In recent decades, a new and exciting treatment for many different kinds of cancer has changed the way we think about and treat cancer.
Immunotherapy, also known as biologic therapy or biotherapy, is a treatment that uses a person’s own immunity to fight diseases such as cancer. Immunotherapy is used to improve, target or restore immune system function. In some cases, it is the only form of treatment used, while in other cases, immunotherapy is combined with other types of treatment.
The immunotherapy process can work in a few different ways. It can be used to stimulate a person’s own immune system to attack cancer cells, or by giving patient man-made immune system components. Immunotherapy either boosts the body’s overall own immune system or trains the body to attack the disease.
The treatment can be effective in stopping or slowing the growth of cancer cells, preventing cancer from spreading to other parts of the body and helping the immune system better destroy cancer cells.
There are different types of immunotherapy, including:
- Monoclonal antibodies: Man-made versions of immune system proteins designed to attack a specific part of a cancer cell.
- Non-specific immunotherapies: Treatments which boost the immune system in a more general way, but can still help the immune system attack cancer cells.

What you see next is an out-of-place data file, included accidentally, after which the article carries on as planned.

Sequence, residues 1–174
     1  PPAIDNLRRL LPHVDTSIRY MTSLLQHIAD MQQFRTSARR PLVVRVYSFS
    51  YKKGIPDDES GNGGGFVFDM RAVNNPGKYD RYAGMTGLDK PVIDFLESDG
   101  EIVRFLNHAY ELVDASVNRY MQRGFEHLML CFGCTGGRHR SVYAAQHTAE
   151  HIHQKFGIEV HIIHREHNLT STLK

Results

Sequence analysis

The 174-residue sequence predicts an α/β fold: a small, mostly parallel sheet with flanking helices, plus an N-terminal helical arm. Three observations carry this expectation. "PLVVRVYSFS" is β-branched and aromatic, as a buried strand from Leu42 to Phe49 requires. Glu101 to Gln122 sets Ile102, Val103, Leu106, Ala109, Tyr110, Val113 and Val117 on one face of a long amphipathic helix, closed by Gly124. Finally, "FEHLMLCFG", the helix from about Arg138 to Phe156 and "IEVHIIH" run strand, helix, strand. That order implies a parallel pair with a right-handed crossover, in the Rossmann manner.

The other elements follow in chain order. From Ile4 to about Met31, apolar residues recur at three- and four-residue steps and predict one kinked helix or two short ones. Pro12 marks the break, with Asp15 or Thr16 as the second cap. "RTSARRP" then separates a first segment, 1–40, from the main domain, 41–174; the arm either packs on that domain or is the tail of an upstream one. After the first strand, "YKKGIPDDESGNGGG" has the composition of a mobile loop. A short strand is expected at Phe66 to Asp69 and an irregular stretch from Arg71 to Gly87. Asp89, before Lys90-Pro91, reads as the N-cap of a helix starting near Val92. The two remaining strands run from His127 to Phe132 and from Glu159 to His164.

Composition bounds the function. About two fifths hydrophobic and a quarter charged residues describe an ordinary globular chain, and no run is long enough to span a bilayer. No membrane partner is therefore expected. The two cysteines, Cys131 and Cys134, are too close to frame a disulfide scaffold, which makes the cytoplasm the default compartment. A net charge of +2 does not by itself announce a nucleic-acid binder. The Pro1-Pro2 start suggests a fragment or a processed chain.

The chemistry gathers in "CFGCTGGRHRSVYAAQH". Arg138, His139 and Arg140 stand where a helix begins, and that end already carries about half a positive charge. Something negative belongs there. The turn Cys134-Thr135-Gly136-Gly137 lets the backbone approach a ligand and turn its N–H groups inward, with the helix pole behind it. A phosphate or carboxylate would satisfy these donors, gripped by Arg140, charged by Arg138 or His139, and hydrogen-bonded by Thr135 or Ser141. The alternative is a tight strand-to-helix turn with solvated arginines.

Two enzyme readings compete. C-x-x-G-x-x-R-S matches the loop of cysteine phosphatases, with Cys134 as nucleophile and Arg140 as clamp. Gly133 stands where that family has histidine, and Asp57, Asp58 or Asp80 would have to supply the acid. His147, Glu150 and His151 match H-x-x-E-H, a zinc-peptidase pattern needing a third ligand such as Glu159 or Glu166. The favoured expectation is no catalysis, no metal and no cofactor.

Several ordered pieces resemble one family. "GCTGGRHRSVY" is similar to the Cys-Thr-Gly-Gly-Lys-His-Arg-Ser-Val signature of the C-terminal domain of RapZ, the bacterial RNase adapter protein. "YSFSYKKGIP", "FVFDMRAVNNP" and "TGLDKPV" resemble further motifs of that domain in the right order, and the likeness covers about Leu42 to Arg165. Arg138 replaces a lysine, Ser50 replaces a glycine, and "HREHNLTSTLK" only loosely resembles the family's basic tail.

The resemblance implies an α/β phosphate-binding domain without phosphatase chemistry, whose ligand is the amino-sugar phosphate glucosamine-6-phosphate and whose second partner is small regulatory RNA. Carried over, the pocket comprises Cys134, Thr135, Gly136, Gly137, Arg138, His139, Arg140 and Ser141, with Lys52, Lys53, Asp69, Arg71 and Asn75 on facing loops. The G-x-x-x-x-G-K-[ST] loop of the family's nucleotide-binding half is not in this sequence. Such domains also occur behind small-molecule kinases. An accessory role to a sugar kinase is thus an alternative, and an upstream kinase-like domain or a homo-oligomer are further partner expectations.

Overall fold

- Cancer vaccines: Substances put into the body to stimulate an immune response against certain diseases. Though they’re thought of as being given to healthy people, cancer vaccines may also be used to treat cancer.
- Immune checkpoint inhibitors: Drugs that stimulate the immune system to recognize and attack cancer cells.
Is immunotherapy right for you?
To determine if immunotherapy should be part of your treatment plan, talk to your doctor. Here are some important questions to ask your healthcare provider about immunotherapy:
- Is immunotherapy recommended for me? If so, what kind?
- Will immunotherapy be my only treatment? If not, what other types of treatment are recommended?
- How often will I receive immunotherapy?
- What are the possible side effects of immunotherapy?
- How will this treatment affect my daily life?
- Are there any immunotherapy clinical trials open to me?
If you have cancer, ask your doctor about immunotherapy. Every patient’s case is unique, and only your oncologist can tell you if immunotherapy might be a treatment option for you.
At Goshen Health Center for Cancer Care, we've pioneered ways to use immunotherapy to help the body recognize cancer cells as foreign substances and defend itself, the same way it does with a cold or flu virus. We are one of only a few renowned cancer centers in the country to offer treatment with the biologic therapy called Interleukin-2 (IL-2). We use the therapy primarily to treat metastatic melanoma and kidney cancer.
Find out more about how we treat cancer by calling 888.492.HOPE (4673) to talk with our oncology information specialists.